BANGKOK - Preliminary results from Sunday's (May 22) Bangkok governor and city council elections indicate a desire for change, with votes cast overwhelmingly in favour of independent candidate Chadchart Sittipunt and more than 60 per cent of the council seats going to opposition parties.
The vote tallies, which have yet to be endorsed by the Election Committee, bode well for the pro-democracy camp and are a blow for the conservative parties who in the past dominated the city polls.
"It is clear that the pro-democracy camp is now in control of the Bangkok Metropolitan, and the pro-government parties did not fare well," said political analyst Punchada Sirivunnabood from Mahidol University in Bangkok.
The unofficial tallies show the 55-year-old Mr Chadchart - who leans towards pro-democracy ideals but is also viewed as a moderate - winning an overwhelming 1.39 million votes in the governor race.
He is far ahead of Democrat Party candidate Suchatvee Suwansawat, 50, who had 254,647 votes and Move Forward Party candidate Wiroj Lakkhanaadisorn, 44, with 253,851 votes.
Former deputy governor Sakoltee Phattiyakul, 44, received 230,455 votes, while former governor Aswin Kwanmuang, 71, trailed behind with 214,692 votes. Both ran as independent candidates but are linked to the pro-military Palang Pracharath Party.
The election, the first governor race since 2013, saw more than 60 per cent of the 4.4 million eligible voters casting their votes on Sunday.
Mr Chadchart's sweeping victory is a possible sign that the colour-coded politics characteristic of Thailand could be abating as well.
"It might be that people are ready to move beyond the political divide. Whatever Chadchart's background might be, they identify with him and voted for him," said Mr Isra Sunthornvut, Thailand country director at consultancy firm Vriens & Partners, who is a former MP from the Democrat Party.
In 2012, Mr Chadchart was appointed transport minister in the Pheu Thai-led government and was picked as a prime minister candidate for the Thaksin Shinawatra-linked party during the previous general election.
But he quit in 2019 to run as an independent in the Bangkok governor election.
Critics view him as a proxy of Thaksin and in the lead-up to the vote tried to incite fears that the former premier, a polarising figure who was ousted in a 2006 coup, could make a comeback if Mr Chadchart won the vote.
"Despite, and in spite of this, a lot of people who we can assume are not Pheu Thai or Thaksin supporters have voted for Chadchart," said Mr Isra. "This shows that using the red-yellow political divide as a scare tactic won't work as well now."
Historically, the "yellow shirts" represent the royalists, the pro-establishment and those opposed to Thaksin's populist policies. The "red shirts" consist of the anti-establishment camp and supporters of Thaksin.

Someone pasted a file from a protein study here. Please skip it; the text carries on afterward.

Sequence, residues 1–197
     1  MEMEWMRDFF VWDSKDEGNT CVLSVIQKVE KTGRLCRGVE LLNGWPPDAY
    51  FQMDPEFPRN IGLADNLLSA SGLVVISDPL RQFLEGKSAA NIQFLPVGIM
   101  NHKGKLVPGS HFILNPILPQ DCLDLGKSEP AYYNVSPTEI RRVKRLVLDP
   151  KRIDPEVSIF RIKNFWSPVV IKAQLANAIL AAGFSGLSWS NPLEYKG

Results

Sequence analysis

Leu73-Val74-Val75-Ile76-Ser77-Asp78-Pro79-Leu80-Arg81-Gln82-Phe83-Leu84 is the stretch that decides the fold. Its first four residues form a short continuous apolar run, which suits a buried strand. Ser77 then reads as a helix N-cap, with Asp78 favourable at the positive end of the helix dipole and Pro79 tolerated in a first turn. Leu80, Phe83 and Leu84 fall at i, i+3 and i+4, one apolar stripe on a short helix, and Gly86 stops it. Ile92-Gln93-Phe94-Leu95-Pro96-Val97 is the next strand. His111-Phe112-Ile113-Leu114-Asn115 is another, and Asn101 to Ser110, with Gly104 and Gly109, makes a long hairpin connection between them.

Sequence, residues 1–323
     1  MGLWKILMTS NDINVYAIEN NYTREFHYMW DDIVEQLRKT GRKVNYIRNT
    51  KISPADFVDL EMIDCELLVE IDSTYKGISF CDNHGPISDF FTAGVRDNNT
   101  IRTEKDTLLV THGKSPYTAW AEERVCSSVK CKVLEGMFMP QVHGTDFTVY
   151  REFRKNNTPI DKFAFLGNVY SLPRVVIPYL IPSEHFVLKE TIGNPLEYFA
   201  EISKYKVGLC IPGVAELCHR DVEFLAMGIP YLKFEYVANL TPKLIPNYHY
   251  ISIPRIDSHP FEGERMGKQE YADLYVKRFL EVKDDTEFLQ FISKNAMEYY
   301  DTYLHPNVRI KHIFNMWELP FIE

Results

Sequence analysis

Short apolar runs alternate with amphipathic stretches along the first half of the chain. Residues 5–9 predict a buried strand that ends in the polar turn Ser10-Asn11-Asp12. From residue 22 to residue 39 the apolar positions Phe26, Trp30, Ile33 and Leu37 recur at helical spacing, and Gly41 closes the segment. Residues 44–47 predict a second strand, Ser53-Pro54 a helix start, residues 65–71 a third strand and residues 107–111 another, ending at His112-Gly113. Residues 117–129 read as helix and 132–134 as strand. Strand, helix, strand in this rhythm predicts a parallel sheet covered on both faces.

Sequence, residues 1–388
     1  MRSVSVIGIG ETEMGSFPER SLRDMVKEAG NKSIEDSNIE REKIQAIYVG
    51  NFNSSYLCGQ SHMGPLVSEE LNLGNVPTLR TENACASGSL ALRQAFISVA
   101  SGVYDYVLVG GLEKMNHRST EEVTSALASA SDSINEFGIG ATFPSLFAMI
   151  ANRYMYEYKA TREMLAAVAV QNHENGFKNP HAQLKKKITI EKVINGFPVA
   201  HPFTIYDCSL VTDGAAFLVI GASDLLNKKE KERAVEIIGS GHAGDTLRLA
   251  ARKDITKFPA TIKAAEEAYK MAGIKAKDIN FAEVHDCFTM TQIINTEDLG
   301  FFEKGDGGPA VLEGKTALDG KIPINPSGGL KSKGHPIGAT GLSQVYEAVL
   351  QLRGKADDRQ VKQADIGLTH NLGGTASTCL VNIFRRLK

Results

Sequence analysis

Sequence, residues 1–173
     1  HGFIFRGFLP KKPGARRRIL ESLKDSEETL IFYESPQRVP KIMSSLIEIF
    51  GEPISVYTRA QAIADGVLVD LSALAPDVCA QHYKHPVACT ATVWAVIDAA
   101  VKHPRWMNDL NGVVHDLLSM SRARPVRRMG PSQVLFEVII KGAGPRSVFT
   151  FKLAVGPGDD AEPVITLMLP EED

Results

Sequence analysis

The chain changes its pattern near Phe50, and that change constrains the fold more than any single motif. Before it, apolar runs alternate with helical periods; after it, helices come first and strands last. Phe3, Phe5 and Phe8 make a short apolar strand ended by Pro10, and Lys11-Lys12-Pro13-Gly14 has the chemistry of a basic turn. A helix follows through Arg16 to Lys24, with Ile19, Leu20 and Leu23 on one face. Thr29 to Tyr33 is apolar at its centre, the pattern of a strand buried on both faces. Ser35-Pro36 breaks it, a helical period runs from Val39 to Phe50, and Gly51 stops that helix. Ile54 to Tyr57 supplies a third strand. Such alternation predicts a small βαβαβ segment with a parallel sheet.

Mr Chadchart has said he will work with other parties and will take up recommendations from fellow governor candidates.
A day after the polls, he was spotted with Mr Wiroj inspecting the canals in the Lat Phrao district in Bangkok.
He said on Sunday night: "I'm ready to be everyone's governor. Whether you voted for me or not, I will serve all of you equally."
But what is most notable are the inroads that opposition parties Pheu Thai and Move Forward made when they captured a sizeable number of the 50 Bangkok Metropolitan Council seats, said analysts.
Unofficial tallies show that Pheu Thai got 20 seats and Move Forward had 14.
"This will shift the political phenomenon of Bangkok, which is usually a conservative stronghold," said Dr Punchada, noting that city councillors can canvass support in the local communities that can benefit parties in national polls.
In particular, it is interesting that Move Forward, which fielded many fresh faces, was able to secure the second-highest number of seats, said Dr Punchada.
Government coalition parties failed to make a dent in the council polls. The Democrat Party, which once considered Bangkok its stronghold, garnered just nine seats and the Palang Pracharath got two.
"This should be a wake-up call for the coalition parties, they cannot rest on their laurels," said Mr Isra.
While Sunday's results do signal Bangkok's desire for leadership change and serve as a gauge for political sentiment, the local polls cannot be seen as a referendum of how Thais will vote during the national election expected this year.
Said Dr Punchada: "It does signal that people in Bangkok are not happy with the current situation, but it cannot be extrapolated to the whole of Thailand."
Since the 2014 military coup, pro-junta leaders have led the government. They installed Mr Aswin as Bangkok's non-elected governor in 2016.
"It is more so a referendum on the longevity of the government. When one party is in power for too long, people tend to go for the other side," said Mr Isra.